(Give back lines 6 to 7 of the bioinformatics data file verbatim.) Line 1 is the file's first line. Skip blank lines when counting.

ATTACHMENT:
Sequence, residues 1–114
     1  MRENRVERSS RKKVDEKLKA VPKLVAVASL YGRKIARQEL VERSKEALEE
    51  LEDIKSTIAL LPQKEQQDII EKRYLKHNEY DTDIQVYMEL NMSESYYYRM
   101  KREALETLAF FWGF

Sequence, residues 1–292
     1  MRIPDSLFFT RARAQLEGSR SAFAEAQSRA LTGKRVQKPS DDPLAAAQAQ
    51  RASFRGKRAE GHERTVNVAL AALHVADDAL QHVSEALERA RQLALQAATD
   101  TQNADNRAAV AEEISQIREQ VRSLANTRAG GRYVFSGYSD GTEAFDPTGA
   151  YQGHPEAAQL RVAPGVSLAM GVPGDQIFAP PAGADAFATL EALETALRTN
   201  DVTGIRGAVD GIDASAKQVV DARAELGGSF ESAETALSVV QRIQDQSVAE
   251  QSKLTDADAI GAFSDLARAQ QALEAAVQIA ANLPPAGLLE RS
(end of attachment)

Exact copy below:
     1  MRIPDSLFFT RARAQLEGSR SAFAEAQSRA LTGKRVQKPS DDPLAAAQAQ
    51  RASFRGKRAE GHERTVNVAL AALHVADDAL QHVSEALERA RQLALQAATD